I started looking for books to nominate the moment I found out I was a nominator for this round of the LBC. At first, I thought I should probably try for something that was sort of fantasy-ish or science fiction-ish, because that's the general focus of my own weblog, The Mumpsimus (with a heavy emphasis on the -ish). So Kelly Link's Magic for Beginners was at the top of my list for a while, because it's smart and delightful. But there were a few reasons it didn't quite seem to fit our criteria, so I then thought about Jane Alison's magnificent Natives and Exotics, which I found intellectually engaging and beautifully written.
And then there was Kirby Gann's Our Napoleon in Rags, a book that is not as delightful as Magic for Beginners and not as intellectually engaging as Natives and Exotics, nor is it by even the ishiest stretch of the imagination SF or fantasy. Nonetheless, it was a book that haunted me for days after I first read it. I read it again right before I had to announce my nomination to the group, and felt more certain than ever that this was the book I wanted to be associated with this quarter.
I think I first heard about Our Napoleon in Rags via Mobylives, but I don't actually remember. I had never heard of Ig Publishing before reading the book, and I know I'd never seen it in a bookstore. It was just one of those books that happened to find its way to me, by luck or magic or happenstance, with the aid of an online bookseller and my devoted friends in the post office.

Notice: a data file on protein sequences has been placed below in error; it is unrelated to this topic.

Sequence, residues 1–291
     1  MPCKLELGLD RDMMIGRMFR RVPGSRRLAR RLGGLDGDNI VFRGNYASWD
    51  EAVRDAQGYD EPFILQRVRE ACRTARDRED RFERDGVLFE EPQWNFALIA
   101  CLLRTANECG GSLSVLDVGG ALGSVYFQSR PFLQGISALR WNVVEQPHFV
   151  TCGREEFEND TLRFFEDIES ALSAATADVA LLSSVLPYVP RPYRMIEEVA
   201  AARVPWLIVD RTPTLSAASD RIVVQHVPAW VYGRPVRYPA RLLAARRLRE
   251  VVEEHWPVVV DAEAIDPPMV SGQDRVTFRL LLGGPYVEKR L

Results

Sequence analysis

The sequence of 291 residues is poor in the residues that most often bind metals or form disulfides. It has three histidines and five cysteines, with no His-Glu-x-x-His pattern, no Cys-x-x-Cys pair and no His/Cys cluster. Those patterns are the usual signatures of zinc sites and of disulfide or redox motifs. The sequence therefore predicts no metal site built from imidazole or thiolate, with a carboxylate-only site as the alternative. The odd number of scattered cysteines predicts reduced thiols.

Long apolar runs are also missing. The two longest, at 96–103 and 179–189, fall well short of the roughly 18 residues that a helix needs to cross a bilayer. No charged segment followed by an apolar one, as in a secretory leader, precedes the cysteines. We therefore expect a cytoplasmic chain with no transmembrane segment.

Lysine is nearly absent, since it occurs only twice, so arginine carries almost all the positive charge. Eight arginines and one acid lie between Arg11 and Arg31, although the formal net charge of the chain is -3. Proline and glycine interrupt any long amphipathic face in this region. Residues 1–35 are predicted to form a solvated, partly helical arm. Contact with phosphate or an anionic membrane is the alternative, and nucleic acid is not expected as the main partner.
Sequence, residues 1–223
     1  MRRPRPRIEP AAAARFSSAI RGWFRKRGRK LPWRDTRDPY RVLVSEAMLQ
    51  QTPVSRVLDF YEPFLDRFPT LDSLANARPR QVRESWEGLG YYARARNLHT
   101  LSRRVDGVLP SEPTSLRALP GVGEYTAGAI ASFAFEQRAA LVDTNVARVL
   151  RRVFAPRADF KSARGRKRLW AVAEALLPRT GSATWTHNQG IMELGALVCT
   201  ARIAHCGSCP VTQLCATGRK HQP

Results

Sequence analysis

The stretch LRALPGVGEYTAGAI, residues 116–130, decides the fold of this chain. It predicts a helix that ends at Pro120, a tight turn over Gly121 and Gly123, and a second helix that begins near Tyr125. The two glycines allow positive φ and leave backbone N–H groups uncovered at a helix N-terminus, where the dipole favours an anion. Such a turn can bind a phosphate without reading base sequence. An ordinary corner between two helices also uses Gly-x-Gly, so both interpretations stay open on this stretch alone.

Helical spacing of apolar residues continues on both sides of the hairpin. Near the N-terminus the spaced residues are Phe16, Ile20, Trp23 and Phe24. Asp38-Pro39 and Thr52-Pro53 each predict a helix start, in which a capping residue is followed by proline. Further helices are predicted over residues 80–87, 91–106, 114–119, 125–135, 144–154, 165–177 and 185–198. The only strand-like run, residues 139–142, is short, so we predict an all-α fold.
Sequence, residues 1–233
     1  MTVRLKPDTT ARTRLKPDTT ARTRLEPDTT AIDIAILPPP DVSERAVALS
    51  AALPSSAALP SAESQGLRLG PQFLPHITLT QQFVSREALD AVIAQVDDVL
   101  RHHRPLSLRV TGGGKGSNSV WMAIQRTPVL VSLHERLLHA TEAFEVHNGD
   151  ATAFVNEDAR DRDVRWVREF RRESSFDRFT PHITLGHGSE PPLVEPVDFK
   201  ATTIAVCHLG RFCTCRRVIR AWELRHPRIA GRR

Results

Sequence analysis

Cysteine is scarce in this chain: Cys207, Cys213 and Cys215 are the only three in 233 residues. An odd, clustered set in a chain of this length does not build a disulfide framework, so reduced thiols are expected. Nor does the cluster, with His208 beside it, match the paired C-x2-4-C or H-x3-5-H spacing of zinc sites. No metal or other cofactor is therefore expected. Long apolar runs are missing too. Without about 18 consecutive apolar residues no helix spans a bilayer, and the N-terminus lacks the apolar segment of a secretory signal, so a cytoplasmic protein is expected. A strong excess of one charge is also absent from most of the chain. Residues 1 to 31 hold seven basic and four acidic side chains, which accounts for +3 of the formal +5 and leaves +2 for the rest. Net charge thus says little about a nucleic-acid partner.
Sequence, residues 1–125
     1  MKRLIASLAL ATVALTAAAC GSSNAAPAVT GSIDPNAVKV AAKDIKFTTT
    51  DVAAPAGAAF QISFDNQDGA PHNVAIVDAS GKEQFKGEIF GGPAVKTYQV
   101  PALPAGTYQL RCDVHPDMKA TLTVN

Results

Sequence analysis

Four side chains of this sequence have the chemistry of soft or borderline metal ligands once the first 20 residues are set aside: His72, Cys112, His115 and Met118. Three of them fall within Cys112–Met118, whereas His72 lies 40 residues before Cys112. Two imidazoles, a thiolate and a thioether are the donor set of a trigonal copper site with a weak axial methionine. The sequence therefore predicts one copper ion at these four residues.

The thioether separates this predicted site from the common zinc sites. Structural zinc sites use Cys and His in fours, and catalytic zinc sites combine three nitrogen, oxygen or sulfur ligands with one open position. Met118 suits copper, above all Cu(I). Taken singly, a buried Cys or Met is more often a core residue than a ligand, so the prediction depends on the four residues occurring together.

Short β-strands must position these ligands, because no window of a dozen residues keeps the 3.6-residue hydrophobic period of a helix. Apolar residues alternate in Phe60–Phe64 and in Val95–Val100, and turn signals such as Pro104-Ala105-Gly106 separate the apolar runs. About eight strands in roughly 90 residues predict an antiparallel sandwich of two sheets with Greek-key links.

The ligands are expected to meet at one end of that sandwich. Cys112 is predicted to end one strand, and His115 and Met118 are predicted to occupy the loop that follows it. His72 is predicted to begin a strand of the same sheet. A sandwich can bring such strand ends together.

I have to be honest: there were moments when reading Our Napoleon in Rags when I thought it was going nowhere, adding up to nothing, and in all likelihood a waste of time and paper. This was the fault of mistaken expectation about what sort of book I was reading. The novel begins well, with opening paragraphs that drop us right into the book's central setting:
The nights at the Don Quixote -- that sumptuous dive -- held darker than nights elsewhere, even if the club sat huddled within the smacked heart of the city. As in the rest of America (and for most Americans), this heart rarely became an object of attention and care, more fretted over than attended to, arteries hardening without complaint, a condition forming without the host's knowledge. Like the biological heart, one remained aware but avoided the subject. One leaves the heart alone and hopes for the best.The problem for me when I first began to read it was that I came to the book expecting the one promised by the description offered by the publisher, which begins:
We are in Old Towne, the broken-streetlight district in Montreux where dark house-stoops offer no welcome. Most of the light that sparked through the leaded wave windows of the Don Q was of the flashing variety, red and blue and sometimes white -- vascular colors. The regulars called the Don Q the heart of Old Towne, thus making it the heart within the heart.
Can one man change the world? Haycraft Keebler, self-appointed savior of humanity, believes his mission is to inspire the people to rise up against the powers that be. And he will use any idea that springs from his bipolar mind -- distributing a "revolutionary" newsletter, covering debris and trashcans in gold, instigating a bus crash -- to achieve his goal of social equality for all.Thus, I thought I was about to read a kind of cross between A Confederacy of Dunces, One Flew Over the Cuckoo's Nest, and Les Miserables.